not expect it from him, that he should state that it was on that account that he? complained of it to the House ; undoubtedly it wa» not. (Mr Pitt laughed hear.* tily.) The true cause of his urging a complaint against the pamphlet was that it tended to degrade that House., his Majesty, and the House of Lords, in the eyes of the public, and to hold forth the whole Legislature as acting upon base and improper motives on a subject, in which, of ail others, it behoved them to act oa the purest principles, and with the stricteft regard to impartial justice. Having" thus generally stated the ground of hi» complaint, Mr Fox then read a passage which alluded to Mr Hastings enjoying* in a peculiar degree, the smiles of his Sovereign, and insinuated that his prosecution originated in that circumstance. Mr Fox commented on this extract, ana said, it was beyond all doubt highly indecent to impute it to that House to have been governed in their Impeachment of Mr Hastings by so improper a motive, as a design to thwart the wiflWs of the Sovereign. He read another pastage, which charged the House with having voted some of the Articles of Impeach,mtnt, without having inquired into their truth, and notwithstanding their conviction that they were founded in misrepresentation and falsehood. A third passage stated, that the majority had followed the Minister in thiir vote on the Benare* charge, after the Right Hon. Gcntlemaii had, in his speech, fully justified Mr Hastings in the principal part of the transactions stated in that charge, and only condemned him for what he intended to do, and for having exacte'd rather too heavy a finc._ He next rea d one or more padsages in which the writer justified Mr Hastings'whole conduct in India,on principles which, Mr Fox said, he hoped and believed were exclusively the writer** own; and, lastly, he read a pastage which stated, that the parties of the day jostled each other in the dark, in order to run down a deserving character j and that if any man went to India, and, after a lonfr series of extraordinary and meritorious services, characterised by his eminent and obvious zeal for his country, and his ardent loyalty to his King, returned to Great Britain, and was received with the voice of the people and the applause of his Sovereign, unless he* coalesced with Opposition, and sought their favour, he risqued the vengeance of the party, and was liable to be Impeached and undone. Aitu adding some observations on the fiagraucy

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Sagrancy of -the libel contained in the pamphlet, Mr Fox said, he was rather at a loss what motion to make, as to the mode most proper for the House to adopt for the punishment of the libeller. The pamphlet was, in the truest fense of the words, a public libel, and for that reason a prosecution by the AttorneyGeneral might be the most proper mode of proceeding to punish; but he would leave it to those who were most likely to be in possession of the opinion of the House, as to the mode of punishment most proper to be pursued, and would Content himself with moving the general preliminary motion, viz.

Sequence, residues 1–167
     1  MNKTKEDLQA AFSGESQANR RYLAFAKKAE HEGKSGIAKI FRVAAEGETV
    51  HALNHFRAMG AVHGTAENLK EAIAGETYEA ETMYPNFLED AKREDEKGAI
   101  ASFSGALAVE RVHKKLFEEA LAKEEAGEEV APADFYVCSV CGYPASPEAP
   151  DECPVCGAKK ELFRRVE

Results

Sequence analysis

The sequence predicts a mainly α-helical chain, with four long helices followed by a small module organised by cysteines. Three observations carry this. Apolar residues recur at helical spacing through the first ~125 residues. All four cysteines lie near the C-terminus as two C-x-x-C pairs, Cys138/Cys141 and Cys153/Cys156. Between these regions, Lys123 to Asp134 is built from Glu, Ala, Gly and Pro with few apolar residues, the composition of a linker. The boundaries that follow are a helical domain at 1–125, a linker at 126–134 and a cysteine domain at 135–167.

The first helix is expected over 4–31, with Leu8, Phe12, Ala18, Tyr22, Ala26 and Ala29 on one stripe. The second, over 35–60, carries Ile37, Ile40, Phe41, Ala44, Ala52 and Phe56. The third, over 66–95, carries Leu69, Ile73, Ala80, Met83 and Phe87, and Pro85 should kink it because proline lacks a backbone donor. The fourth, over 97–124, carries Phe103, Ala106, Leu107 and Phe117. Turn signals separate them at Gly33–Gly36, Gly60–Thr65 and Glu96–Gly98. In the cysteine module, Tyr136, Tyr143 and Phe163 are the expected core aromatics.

"That the pamphlet complained of Contained a libel highly reflecting on his Majesty, and upon the proceedings of this House, and was an indecent interference with respect to the prosecutions' now depending on the impeachment of Warren Hastings, Esq; late Governor General of Bengal."

Mr Fox having delivered in the pamphlet to the clerk at the table, Mr Hatsell read its title as follows:

"A Review of the Charges against Warren Hastings, E£q;" &c. Printed by John Stockdale.

Mr Hatsell read the passages complained of short, pro forma.

The Chancellor of the Exchequer then rose and said, though it appeared that he was personally interested in the pamphlet complained of, it, really had not been noticed by him till the moment that the Right Hon. Gentleman had stated its contents to the House. From whaj the Right Hon. Gentleman had read of .Ihe pamphlet, it appeared to him to be not only a libel, but a libel of a very heinous, though he conceived, not of a Very dangerous nature. From the little be had heard he had no doubt that the "passages extracted by the Right [Hon. 'Gentleman, were so libellous, that no context could rescue them coming within that description; but as it would not be right for the House upon so slight a suggestion as a Member reading extracts, to ground a motion, however oitherwife proper, he wished the Right Hon. Gentleman would suffer the pamphlet to remain on the table for a day, In order that Gentlemen who wished to know the contents before they voted, might read it, and forbear to make any other motion, " than that the pamphlet complained of as a libel be taken into consideration en any future day," With

regard to the mode of prosecution, undoubtedly a prosecution by the Attorney General would in.the present instance be the proper mode to be adopted, though he should on that and every other occasion contend, that the House had it in its power at all times to punish the breach of their privileges by means of their1 own authority and jurisdiction.'

Mr Fox coincided with the Chancellor of the Exchequer as to the propriety of suffering the pamphlet to remain on the table for.tlie perusal of the House, before" any motion was made respecting it, other than "that the said pamphlet lie taken into consideration to-morrow, . which he moved accordingly, and which was unanimously agreed to.

Trial of Mr Hastings.

Feb. 13. Sir PeterBurrel, (Lord Higlt Chamberlain hy deputation) apprehensive of the consequences' that might be occasioned by a mixture of carriages and immense crouds of spectators on foot, in and about the streets leading to Westminister Hall, and the two Houses of Parliament, on a dav when a Governor General of the British dominions in Asiawas to be brought to trial, had taken the wife precaution of applying for a military force in aid of the civil power, which would have been insufficient to maintain: order and regularity on this extraordinary occasion.